If U.S. bond yields rise further, one source of additional market volatility may be the dynamic hedging practices in the mortgage and MBS market, by both the agencies and other investors (Box 2.1). The size of mortgage indebtedness and recent historically low interest rates greatly increased the volume of prepayments to be hedged in the last three years (Figure 2.12). Therefore the effect of these prepayments, and the consequent need for hedging transactions, has become a more important issue for financial stability. As dynamic hedgers see the expected duration of their assets increase when interest rates rise and the likelihood of prepayments falls, they will reduce duration elsewhere on their balance sheet by, for example, selling treasury securities, thus potentially accelerating the upward movement in yields in the overall market.

Figure 2.12.
Figure 2.12.

United States: Mortgage Market and Hedging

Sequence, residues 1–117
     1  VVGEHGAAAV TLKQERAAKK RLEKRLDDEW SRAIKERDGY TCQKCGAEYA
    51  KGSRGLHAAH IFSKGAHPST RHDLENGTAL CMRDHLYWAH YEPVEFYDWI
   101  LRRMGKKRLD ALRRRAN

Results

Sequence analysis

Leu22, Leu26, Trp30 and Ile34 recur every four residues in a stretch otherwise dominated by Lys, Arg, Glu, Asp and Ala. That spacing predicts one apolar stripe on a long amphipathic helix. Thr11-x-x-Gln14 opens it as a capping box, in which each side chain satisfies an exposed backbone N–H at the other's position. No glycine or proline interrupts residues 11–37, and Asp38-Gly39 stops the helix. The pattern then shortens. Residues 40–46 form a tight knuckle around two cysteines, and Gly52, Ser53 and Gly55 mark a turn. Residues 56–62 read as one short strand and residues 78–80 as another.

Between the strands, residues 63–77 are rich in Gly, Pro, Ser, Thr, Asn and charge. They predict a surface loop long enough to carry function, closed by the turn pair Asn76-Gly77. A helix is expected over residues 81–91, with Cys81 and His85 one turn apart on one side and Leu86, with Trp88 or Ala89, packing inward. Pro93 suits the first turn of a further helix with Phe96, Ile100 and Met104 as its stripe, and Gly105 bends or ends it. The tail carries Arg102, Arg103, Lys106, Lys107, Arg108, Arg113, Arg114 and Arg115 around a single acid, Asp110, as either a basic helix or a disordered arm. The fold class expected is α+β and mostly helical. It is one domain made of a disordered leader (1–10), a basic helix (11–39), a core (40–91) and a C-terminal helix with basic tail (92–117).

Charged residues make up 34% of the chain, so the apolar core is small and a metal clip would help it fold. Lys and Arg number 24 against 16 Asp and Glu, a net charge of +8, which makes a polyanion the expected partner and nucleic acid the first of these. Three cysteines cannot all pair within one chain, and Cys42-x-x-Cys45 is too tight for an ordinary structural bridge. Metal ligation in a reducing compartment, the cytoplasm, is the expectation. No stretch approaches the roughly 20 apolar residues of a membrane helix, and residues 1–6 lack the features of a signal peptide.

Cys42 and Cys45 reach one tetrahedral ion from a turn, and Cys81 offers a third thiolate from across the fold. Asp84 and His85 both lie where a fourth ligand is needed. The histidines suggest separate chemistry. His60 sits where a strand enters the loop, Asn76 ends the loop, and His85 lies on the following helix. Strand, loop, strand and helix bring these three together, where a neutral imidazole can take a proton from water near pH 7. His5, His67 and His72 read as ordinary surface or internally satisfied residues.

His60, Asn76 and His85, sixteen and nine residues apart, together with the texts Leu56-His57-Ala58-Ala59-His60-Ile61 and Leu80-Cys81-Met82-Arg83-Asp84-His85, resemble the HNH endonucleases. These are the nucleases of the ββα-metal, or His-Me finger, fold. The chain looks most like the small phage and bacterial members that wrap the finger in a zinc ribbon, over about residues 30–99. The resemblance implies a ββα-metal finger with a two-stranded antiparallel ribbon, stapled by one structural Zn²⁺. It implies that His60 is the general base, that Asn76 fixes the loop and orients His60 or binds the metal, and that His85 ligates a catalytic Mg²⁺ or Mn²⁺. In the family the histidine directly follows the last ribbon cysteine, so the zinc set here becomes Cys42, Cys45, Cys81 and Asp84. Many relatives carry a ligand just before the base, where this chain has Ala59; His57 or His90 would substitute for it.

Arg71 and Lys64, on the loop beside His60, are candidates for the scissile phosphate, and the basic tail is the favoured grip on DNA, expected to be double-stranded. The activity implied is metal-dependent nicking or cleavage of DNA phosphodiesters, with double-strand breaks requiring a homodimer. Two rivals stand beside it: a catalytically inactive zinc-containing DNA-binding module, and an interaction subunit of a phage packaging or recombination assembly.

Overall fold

Source: Bloomberg L.P.

Mortgage Hedging Mechanics

The hedging of mortgages and mortgage-backed securities (MBSs) is complicated by the need to predict, and constantly adjust to, the future tendency of borrowers to prepay their mortgages. A portfolio of fixed-rate pre-payable mortgages will, ex post, have an actual duration much shorter than the average contractual length of the mortgages because of prepayments. Prepayment rates will depend partly on future interest rates, as borrowers prepay when there are cost savings from refinancing, but will also depend on other factors, such as the frequency with which borrowers move house or the promptness with which they seize opportunities to refinance more cheaply. Past experience enables investors and analysts to estimate expected prepayment rates, depending on the interest rates and terms of the mortgages in the portfolio and the current level of interest rates.